No. 1, the company saves money. Employers have to cover taxes, unemployment, health care and workers’ compensation, just to name a few. And all of those costs are projected to go up in the near future. Temporary labor helps alleviate that, since the staffing agency is the one that takes on those costs. Also, if you’ve got a lot of employees working overtime, you can hire temps to fill in, without the added cost of overtime wages.
Temporary labor also saves you time. The staffing firm does all the interviewing, screening, skills testing and advertising. You just call up the firm, tell them what you need and they find the right person for the job.
Another benefit is increased flexibility. You can hire more people at peak times and pare your staff down when business is slower. Nowadays, you can bring in highly skilled temps to replace key positions that may have been eliminated or downsized. For instance, you can find a temporary director of HR to come in a few days a week to take care of any administrative tasks you may have.
Finally, temporary labor reduces a company’s risk. Bringing in help takes the pressure off of your full-time employees, reducing accidents and absenteeism and preventing burnout. With companies paring down and employees taking on increasing workloads, burnout has become an unfortunate trend. It’s true that your staff is your greatest cost, but it’s also your greatest asset. It makes sense to do whatever you can to protect that asset.
What potential pitfalls should companies be aware of when using temporary labor?
First of all, don’t just look online and call the first staffing agency you find. Compare and interview staffing agencies just like you would potential employees. Make sure that the staffing agency matches your culture, understands your needs and goals and will represent your company the way you want it to.
Also, make sure you know all of the costs involved upfront, particularly the ones that come when you want to hire the person after their temporary trial is up; sometimes a conversion fee applies.
Finally, make sure you have a system in place to measure the performance of the temporary employees. Find out whether or not the temp fits in as soon as possible. The sooner you let the staffing agency know about issues, the sooner it can get you another worker.
So, how can you ensure that you’re getting the right talent?
The key is communication. Clearly define your needs upfront. Give the staffing agency as much information as possible: what specific skills you need, how your company culture works, what kind of personality you’re looking for, the goals of the position, how long the temp will be employed, if it will be a temp-to-hire situation, etc. The more the staffing agency knows, the better it will be at finding you the people you need.
What are the common myths of temporary staffing?
There’s a stigma attached to temporary labor that it’s only unskilled, unhireable people. But the fact is there are thousands of highly skilled, highly trained people looking for work. Not only that, more and more people, particularly younger ones, only want to work on a temporary basis, as it offers them a better work-life balance.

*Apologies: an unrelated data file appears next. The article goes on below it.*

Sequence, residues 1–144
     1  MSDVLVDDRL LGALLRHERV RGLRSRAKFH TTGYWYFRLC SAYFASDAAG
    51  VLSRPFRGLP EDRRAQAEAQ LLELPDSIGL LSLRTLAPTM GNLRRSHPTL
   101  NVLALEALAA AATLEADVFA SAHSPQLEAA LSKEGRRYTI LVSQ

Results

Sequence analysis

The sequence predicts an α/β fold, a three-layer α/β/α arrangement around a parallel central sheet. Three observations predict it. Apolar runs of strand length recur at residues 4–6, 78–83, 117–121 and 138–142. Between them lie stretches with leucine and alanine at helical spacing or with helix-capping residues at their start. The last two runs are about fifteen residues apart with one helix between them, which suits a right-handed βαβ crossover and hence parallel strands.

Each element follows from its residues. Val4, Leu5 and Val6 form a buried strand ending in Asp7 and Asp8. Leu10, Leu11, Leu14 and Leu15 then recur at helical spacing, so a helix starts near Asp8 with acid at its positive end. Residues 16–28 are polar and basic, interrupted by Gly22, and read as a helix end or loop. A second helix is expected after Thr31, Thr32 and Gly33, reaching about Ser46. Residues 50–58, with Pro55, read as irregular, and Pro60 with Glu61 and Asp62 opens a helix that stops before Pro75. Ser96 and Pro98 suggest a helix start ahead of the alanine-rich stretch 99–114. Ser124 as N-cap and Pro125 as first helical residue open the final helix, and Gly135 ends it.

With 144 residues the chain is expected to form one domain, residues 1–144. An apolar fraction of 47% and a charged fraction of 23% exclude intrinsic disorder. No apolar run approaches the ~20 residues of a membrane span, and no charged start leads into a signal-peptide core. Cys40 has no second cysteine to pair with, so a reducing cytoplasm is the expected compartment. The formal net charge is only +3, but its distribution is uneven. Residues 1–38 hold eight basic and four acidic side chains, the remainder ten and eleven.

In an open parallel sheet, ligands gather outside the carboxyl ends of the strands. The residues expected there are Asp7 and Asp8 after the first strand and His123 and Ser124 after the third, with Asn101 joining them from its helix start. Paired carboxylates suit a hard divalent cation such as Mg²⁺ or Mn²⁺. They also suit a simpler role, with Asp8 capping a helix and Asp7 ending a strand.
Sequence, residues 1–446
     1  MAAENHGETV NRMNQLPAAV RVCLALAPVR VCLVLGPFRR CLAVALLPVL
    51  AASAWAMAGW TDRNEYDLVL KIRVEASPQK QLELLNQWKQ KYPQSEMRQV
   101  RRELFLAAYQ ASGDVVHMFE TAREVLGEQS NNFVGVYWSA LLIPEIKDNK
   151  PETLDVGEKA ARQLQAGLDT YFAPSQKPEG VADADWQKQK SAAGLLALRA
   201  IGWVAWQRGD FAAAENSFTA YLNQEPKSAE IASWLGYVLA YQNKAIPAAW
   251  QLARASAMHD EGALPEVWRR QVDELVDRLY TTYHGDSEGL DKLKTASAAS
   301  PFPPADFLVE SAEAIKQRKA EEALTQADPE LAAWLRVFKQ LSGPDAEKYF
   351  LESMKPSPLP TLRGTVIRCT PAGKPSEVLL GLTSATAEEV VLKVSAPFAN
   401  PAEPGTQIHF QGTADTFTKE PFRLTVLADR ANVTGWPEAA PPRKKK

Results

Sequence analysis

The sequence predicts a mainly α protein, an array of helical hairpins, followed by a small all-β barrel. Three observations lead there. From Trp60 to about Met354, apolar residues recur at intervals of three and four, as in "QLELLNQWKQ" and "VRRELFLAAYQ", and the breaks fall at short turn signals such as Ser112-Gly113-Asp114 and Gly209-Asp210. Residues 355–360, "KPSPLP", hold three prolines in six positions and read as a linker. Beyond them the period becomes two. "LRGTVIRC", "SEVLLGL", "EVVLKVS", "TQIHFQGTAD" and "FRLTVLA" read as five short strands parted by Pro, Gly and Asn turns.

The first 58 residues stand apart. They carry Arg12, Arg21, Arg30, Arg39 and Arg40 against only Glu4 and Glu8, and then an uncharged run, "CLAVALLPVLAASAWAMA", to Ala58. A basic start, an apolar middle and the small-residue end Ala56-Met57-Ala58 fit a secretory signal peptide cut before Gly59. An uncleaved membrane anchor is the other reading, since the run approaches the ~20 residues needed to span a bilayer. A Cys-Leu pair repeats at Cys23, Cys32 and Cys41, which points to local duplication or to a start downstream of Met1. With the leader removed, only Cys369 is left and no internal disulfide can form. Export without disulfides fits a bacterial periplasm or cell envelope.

Another myth is that it’s more expensive to utilize a staffing firm than just hiring on your own. With a staffing firm you know what the costs are upfront and you can always control those costs. That cannot be said about hiring an employee yourself.
Melissa Hulsey is president and CEO of Ashton Staffing. Reach her at (770) 419-1776 or email@example.com.
Companies worldwide are struggling to find and retain the caliber of leaders their businesses need. The increased market intensity and demand for top-shelf, experienced leaders arrive at a time when our population of potential leaders is declining. Stagnant hiring in the early 1980s has resulted in fewer experienced leaders available. On top of that, U.S. census data indicates that the population of potential leaders is shrinking.
In short, we have a challenging business environment and fewer experienced leaders to navigate it.
These challenges represent opportunities to fundamentally change and measurably improve how talent is managed. We must treat talent management as a business imperative and bring it to the strategic planning table — where it belongs.
Whether starting new companies or preparing the leaders of tomorrow, the most successful companies hire great talent, make sure that talent is aligned with the company’s strategy and culture, develop that talent aggressively and reward that talent well, in alignment with their desired culture and future strategy.
To manage talent strategically, organizations must do three things:
Align business and talent strategies.
Every aspect of the talent strategy should link directly to the business strategy and its execution. Anything not directly linked is probably working against the core strategy by consuming time and resources and confusing managers about what is most important. Once the business plan is formulated, the first question to ask is, “Are the current people processes ready to hire, develop and manage leaders to support this business plan for the next three to five years?” Make sure that the competencies for which you are hiring match the skills that leaders will need to execute the business plan. Ensure that leadership development is based upon values that support where the company is headed.
Look ahead, not behind.
Develop tomorrow’s leaders for tomorrow’s challenges. Talent management should be based on where the company is going, not where it has been. Most performance management effort is oriented toward evaluating past performance. While understanding how a person has just performed against current expectations is important, it is equally important to ensure that leaders are assessed against the future demands of the business — three to five years down the road — not just the challenges being faced today.
Track the talent profile.